Vikings Conclude Practice No. 1

Posted by Mike Wobschall on July 31, 2009 – 12:31 pm

The 1st practice of 2009 Verizon Vikings Training Camp is officially in the books. All 79 players who’ve reported to camp were on the field in shoulder pads, helmets and shorts for the 120-minute practice. To begin camp, the offensive players are wearing white jerseys and the defensive players are in purple jerseys.

 With temperatures in the mid-70s, minimal wind and plenty of sunshine, conditions were near ideal for players and fans alike. Vikings fans filled both sets of tall bleachers located adjacent to the practice fields and on several occasions were stirred to cheers by a long completion or impressive interception.

“We always enjoy coming here to watch training camp,” said Dan, a citizen of Mankato who enjoys bringing his 2 kids to camp every year. “These are the guys we watch on TV all year long, so to get an up-close look at them like we can here is really fun.”

After speaking with the media on both Wednesday and Thursday, Vikings Head Coach Brad Childress didn’t have much to say following today’s morning practice. He did meet with the media several minutes after practice, however, and seemed even-tempered about his team’s work during the 1st practice.

“First day, not a lot to report,” Vikings Head Coach Brad Childress said immediately after practice. “It’s good to get those guys out there and getting used to their pads. It’s always interesting for me to go and look at the tape and see how guys move around and how they’re carrying their pads, particularly interested to look at some of those rookies to see how they did. We’ve got a lot to work on but we’ve got a little time to do it.”

The Vikings will get back to work this afternoon, as they have a 2nd practice scheduled for today at 3:00 p.m. In between the morning practice and afternoon session, the players will grab lunch, head to meetings and replenish their bodies. Following today’s afternoon practice the entire team will be introduced to fans at Blakeslee Stadium. The event is scheduled to begin around 5:00.

Several other players spoke after practice today, including both Tarvaris Jackson and Sage Rosenfels. We’ll have updates of what they had to say posted here on the Blog in a little while.

A few highlights from today’s practice included:

– CB Karl Paymah playing tough press coverage against WR Nick Moore. Paymah brought Moore to the ground during 1-on-1 drills this morning, but then Moore got back up and hauled in a reception against Paymah on the next snap.

– LB Heath Farwell surged through the offensive line to make what would’ve been a huge hit on the RB during the 9-7 inside running drill.

– Rookie LB Jasper Brinkley also found a way to break through the line to make what would’ve been a jolting stop on rookie RB Ian Johnson.

– I didn’t see, but the crowd broke out in ovation after CB Derrick Roberson made an interception during 1-on-1 drills.

– CB Cedric Griffin made an outstanding play during 7-on-7 drills when he dove and deflected a pass from Sage Rosenfels to Bernard Berrian.

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Posted in All, Mike Wobschall | 3 Comments »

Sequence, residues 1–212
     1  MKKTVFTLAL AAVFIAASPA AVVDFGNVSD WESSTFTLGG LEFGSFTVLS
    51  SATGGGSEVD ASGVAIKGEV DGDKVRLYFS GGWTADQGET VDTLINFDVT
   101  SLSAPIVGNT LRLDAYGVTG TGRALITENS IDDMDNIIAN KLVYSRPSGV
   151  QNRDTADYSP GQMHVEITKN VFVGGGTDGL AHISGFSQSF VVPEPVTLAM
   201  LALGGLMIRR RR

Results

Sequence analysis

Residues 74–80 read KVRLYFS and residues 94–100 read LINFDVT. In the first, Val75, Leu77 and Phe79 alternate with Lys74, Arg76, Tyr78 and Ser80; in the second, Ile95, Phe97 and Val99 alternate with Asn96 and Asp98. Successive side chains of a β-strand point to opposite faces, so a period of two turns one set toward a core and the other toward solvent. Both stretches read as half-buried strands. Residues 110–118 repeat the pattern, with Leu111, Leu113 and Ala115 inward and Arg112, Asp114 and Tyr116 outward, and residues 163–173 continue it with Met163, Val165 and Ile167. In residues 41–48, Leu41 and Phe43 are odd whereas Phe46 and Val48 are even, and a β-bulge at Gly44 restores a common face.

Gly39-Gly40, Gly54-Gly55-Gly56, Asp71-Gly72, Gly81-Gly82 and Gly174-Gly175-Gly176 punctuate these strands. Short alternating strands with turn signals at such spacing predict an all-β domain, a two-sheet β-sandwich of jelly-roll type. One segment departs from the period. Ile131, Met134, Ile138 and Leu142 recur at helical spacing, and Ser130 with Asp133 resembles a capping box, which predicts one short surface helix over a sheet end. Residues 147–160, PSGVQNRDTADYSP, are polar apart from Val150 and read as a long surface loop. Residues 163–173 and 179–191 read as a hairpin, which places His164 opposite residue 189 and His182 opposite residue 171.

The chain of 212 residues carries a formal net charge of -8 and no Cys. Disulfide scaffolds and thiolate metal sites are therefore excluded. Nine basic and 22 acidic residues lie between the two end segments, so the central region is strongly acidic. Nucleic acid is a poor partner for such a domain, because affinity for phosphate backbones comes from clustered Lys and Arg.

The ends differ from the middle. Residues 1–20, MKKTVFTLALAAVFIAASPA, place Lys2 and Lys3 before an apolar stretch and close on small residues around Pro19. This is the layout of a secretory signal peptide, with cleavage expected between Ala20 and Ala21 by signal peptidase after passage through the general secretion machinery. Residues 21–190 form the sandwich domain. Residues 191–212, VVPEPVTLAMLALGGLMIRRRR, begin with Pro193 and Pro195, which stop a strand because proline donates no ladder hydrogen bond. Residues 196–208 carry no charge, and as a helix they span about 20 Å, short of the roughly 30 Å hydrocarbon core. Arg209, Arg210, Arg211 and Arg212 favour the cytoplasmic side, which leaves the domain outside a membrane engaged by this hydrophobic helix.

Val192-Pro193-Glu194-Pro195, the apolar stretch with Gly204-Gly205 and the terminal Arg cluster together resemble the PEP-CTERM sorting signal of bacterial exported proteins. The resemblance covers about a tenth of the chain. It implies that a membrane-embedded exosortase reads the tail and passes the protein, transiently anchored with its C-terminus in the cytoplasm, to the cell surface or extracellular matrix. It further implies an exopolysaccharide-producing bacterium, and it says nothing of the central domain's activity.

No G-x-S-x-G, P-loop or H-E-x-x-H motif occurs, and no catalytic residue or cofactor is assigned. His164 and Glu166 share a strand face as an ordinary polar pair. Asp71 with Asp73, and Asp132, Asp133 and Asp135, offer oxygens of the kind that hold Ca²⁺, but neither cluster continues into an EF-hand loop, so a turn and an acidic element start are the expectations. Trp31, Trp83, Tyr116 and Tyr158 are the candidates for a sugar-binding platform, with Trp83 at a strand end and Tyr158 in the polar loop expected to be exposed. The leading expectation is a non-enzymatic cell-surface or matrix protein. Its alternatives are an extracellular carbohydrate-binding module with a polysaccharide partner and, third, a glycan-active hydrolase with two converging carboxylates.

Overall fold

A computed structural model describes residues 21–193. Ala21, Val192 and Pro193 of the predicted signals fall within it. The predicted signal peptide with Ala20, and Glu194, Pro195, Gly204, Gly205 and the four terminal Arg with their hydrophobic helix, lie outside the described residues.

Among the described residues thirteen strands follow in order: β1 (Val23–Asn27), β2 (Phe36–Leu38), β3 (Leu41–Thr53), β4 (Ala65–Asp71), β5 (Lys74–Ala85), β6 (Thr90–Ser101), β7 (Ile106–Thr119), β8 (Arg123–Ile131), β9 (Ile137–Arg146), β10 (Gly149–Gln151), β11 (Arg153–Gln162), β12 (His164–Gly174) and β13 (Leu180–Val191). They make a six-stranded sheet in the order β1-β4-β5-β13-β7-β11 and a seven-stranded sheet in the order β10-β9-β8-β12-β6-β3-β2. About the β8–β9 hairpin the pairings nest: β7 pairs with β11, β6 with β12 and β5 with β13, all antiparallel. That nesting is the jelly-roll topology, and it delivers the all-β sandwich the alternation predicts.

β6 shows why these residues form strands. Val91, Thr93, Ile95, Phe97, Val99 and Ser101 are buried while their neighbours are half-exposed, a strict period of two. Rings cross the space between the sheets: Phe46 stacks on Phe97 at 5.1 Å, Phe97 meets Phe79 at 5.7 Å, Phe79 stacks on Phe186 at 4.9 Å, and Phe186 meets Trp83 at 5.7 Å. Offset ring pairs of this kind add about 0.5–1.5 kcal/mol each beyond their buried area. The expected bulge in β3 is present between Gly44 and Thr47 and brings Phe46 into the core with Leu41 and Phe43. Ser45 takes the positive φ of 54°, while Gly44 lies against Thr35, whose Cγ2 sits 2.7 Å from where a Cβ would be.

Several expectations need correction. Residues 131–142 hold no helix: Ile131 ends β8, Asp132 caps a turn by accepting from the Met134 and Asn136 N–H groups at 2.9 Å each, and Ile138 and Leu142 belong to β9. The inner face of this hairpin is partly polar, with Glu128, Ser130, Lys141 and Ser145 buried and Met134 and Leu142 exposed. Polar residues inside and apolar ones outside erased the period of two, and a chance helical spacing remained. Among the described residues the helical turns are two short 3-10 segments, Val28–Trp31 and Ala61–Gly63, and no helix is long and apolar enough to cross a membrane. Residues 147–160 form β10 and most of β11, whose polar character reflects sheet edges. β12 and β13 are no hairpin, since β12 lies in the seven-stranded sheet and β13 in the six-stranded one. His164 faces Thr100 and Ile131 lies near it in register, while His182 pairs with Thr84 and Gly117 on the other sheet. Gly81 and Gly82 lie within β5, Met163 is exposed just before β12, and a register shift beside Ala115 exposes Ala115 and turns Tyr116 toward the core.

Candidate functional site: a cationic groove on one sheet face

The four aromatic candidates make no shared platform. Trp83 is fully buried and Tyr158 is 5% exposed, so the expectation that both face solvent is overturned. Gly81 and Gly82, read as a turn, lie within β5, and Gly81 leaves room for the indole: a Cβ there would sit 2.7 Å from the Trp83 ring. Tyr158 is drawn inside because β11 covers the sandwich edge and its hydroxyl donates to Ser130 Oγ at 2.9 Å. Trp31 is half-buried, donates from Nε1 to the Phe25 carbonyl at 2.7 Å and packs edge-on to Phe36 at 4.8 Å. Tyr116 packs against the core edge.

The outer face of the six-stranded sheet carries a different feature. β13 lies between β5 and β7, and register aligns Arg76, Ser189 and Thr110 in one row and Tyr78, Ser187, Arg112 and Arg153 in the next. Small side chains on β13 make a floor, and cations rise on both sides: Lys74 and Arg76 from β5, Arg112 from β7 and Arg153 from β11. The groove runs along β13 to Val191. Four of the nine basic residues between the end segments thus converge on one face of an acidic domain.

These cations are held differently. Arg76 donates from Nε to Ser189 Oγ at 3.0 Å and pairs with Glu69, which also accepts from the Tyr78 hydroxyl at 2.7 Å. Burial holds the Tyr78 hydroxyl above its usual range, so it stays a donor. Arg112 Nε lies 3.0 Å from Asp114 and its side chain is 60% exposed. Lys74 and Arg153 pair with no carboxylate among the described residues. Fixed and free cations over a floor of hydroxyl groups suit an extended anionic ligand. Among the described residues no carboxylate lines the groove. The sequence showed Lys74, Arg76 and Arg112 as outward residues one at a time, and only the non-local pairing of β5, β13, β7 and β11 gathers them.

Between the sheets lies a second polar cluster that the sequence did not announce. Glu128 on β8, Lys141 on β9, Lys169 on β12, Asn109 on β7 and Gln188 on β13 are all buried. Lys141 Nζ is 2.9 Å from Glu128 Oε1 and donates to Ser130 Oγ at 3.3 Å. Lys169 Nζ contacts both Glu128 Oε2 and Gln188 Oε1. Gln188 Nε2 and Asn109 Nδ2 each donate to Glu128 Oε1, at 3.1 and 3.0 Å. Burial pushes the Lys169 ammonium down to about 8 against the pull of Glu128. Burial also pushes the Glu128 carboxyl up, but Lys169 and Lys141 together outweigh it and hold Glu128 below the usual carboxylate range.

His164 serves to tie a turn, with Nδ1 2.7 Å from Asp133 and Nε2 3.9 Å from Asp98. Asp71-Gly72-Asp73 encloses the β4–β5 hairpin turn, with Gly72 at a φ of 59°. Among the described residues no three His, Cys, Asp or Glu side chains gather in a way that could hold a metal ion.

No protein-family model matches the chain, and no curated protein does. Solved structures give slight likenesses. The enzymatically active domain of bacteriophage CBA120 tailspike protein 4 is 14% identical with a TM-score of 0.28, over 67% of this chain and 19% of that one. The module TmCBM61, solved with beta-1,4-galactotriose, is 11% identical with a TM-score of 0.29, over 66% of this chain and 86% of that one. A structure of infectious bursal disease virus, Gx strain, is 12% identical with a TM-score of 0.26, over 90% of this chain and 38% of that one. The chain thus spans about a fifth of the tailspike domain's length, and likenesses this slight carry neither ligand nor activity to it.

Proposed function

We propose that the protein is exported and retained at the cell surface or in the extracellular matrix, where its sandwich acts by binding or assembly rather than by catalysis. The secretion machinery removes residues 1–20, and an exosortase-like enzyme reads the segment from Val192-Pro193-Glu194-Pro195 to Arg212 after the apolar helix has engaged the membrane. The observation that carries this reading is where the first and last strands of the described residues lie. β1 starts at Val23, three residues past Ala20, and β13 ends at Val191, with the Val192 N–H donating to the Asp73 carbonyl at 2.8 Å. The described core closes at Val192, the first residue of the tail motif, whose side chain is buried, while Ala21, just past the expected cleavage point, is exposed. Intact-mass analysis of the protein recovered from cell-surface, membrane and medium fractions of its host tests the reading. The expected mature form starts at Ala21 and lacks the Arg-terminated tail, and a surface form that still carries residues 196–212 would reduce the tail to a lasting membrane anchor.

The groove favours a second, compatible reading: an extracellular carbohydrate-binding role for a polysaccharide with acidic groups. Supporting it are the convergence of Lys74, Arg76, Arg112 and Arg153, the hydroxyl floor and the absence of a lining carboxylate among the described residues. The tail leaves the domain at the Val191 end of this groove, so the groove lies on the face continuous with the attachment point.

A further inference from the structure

3 Responses to “Vikings Conclude Practice No. 1”

  1. By PurplePeopleEater on Jul 31, 2009 | Reply

    It’s hard to say whether these highlights are good or bad news. Is it a good thing that a rookie is finding a way to break through our offensive line? I’d say yes if it was the left side, just because we know those guys are that good, so it says a lot about the rookie. On the other hand, if it was the right side, then maybe it just shows that we still are weaker than we need to be over there. An interception made by a #3 (or lower) corner very well could indicate that there is more responsibility on the QB than the defender for this play.

    The final highlight is encouraging though, as he had to dive to get in the way of the ball. This argues that the QB made a good decision, but the defender was still athletic enough to force the incompletion anyway. It speaks more since it was against Griffin. One thing that I thought he lacked in previous years was a good ability to force incompletions. Let’s hope that they all learn off of each other’s skills.

  2. By mikewobschall on Jul 31, 2009 | Reply

    PurplePeopleEater: You are reading WAY too much into this here. If a rookie LB makes a play, that means that LB wasn’t Greenway, Henderson or Leber. And that means that rookie LB probably wasn’t playing against the 1st team offensive line. You can’t worry about putting the highlights into the context of whether it was a great play by one person or a bad play by another. You have to take a highlight-caliber play and separate it as just that, one play.

  3. By PurplePeopleEater on Jul 31, 2009 | Reply

    You’re right Mike, but that was sort of what I was trying to accomplish. It’s the fact that it happened in training camp that makes the term “Highlight” seem misleading. There are too many variables to consider (such as the ones that you pointed out and the ones I mentioned earlier, along with many others) to be able to determine how amazing of a play it really was. It becomes a lot easier to “interpret” these things when your team is on only one side of the ball. Then you can applaud (or blame) the player that you want to without these types of questions!

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